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Identification and Creation
Object Number
Axe Head
Weapons and Ammunition
Work Type
first half 14th century BCE
Creation Place: Ancient & Byzantine World, Asia, Anatolia
Bronze Age, Late
Persistent Link
Physical Descriptions
Cast, lost-wax process
8.7 x 2.2 x 2.5 cm (3 7/16 x 7/8 x 1 in.)
Technical Details

Chemical Composition: ICP-MS/AAA data from sample, Bronze:
Cu, 86.73; Sn, 12.33; Pb, 0.17; Zn, less than 0.001; Fe, 0.04; Ni, 0.16; Ag, 0.02; Sb, 0.1; As, 0.43; Bi, less than 0.025; Co, 0.024; Au, less than 0.01; Cd, less than 0.001
J. Riederer

Technical Observations: The patina is a smooth green and black with brown burial deposits. The object is structurally intact, although surface deformations are present along some of the edges. Most of the tool marks appear to be modern. The axe head was made by casting, probably using the lost-wax process.

Carol Snow (submitted 2002)

Louise M. and George E. Bates, Camden, ME (by 1971-1992), gift; to the Harvard University Art Museums, 1992.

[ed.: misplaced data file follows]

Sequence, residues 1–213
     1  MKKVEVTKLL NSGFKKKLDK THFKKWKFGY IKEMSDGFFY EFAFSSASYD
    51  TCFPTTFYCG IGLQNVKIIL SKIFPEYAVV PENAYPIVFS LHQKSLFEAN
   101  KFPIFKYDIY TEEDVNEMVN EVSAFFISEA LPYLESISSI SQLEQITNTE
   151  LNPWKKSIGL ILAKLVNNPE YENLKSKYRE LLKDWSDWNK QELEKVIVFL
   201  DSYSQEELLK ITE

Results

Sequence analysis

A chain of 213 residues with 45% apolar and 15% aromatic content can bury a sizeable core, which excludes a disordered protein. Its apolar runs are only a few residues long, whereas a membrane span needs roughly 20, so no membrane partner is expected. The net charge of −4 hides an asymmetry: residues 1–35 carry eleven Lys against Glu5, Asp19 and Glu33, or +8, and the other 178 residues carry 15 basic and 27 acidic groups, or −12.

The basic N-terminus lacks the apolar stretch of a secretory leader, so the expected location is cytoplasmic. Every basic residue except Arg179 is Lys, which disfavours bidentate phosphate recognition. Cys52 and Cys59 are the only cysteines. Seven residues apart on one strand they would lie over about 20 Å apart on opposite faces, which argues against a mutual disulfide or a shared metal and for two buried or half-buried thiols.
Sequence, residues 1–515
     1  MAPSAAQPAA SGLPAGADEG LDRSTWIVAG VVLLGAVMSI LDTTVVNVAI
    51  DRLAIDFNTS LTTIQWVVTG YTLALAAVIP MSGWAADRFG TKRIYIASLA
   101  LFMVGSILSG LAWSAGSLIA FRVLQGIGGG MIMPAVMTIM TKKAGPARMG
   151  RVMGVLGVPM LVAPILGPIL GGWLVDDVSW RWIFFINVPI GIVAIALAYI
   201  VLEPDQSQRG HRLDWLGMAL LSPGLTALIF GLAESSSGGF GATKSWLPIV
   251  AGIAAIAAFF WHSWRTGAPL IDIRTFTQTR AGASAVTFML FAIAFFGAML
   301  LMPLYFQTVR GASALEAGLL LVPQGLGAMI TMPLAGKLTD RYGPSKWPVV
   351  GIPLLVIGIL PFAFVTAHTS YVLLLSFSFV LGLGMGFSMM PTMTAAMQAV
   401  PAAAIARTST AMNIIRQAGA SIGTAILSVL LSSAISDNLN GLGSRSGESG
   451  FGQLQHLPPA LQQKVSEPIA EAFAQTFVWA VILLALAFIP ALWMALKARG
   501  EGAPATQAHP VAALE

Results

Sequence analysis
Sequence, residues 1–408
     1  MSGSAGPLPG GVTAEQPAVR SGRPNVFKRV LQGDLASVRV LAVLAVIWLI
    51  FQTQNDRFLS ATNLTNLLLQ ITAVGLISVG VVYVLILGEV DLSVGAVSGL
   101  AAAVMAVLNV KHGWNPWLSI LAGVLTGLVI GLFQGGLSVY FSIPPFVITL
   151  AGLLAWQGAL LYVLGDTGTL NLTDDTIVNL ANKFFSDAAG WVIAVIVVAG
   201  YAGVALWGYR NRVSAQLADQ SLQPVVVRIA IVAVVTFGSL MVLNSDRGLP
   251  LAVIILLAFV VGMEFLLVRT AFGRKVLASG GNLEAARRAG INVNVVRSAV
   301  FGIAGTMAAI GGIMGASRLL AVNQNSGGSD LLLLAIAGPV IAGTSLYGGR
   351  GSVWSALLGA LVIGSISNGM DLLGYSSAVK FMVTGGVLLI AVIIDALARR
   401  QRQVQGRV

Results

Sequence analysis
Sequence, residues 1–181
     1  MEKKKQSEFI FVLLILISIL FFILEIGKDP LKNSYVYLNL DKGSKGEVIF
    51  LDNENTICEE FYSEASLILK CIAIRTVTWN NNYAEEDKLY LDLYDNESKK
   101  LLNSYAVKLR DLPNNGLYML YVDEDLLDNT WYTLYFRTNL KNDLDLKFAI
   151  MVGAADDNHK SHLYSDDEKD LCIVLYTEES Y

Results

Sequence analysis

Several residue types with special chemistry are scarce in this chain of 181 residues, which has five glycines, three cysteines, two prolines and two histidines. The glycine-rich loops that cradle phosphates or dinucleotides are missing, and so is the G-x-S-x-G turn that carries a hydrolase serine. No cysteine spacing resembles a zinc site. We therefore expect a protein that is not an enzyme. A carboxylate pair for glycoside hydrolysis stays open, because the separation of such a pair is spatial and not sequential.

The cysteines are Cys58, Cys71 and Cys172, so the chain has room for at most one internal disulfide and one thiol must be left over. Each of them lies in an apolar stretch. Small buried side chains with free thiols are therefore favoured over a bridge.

Acquisition and Rights
Credit Line
Harvard Art Museums/Arthur M. Sackler Museum, Gift of Louise M. and George E. Bates
Accession Year
Object Number
Asian and Mediterranean Art
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Published Catalogue Text: Ancient Mediterranean and Near Eastern Bronzes at the Harvard Art Museums
This heavy, socketed axe head does not have a cutting blade and may therefore have served a ceremonial purpose (1). The wide, curved end where the blade would be has a 2.2-cm-wide edge. On the opposite end are two opposed spikes with a bead on the terminal of each; the butt of the axe head slopes and curves between the two points. The edges are raised at each end. The diameter expands around the socket and tapers toward each end.


1. Compare another axe head also lacking a cutting edge in O. W. Muscarella, Bronze and Iron: Ancient Near Eastern Artifacts in the Metropolitan Museum of Art (New York, 1988) 237, no. 336. See also a depiction of a Hittite axe head with a thick, curled edge instead of a blade for cutting in R. Dussaud, “Haches a douille de type asiatique,” Syria 11.3 (1930): 245-71, esp. 245-46, fig. 2.

Lisa M. Anderson

Subjects and Contexts

Ancient Bronzes

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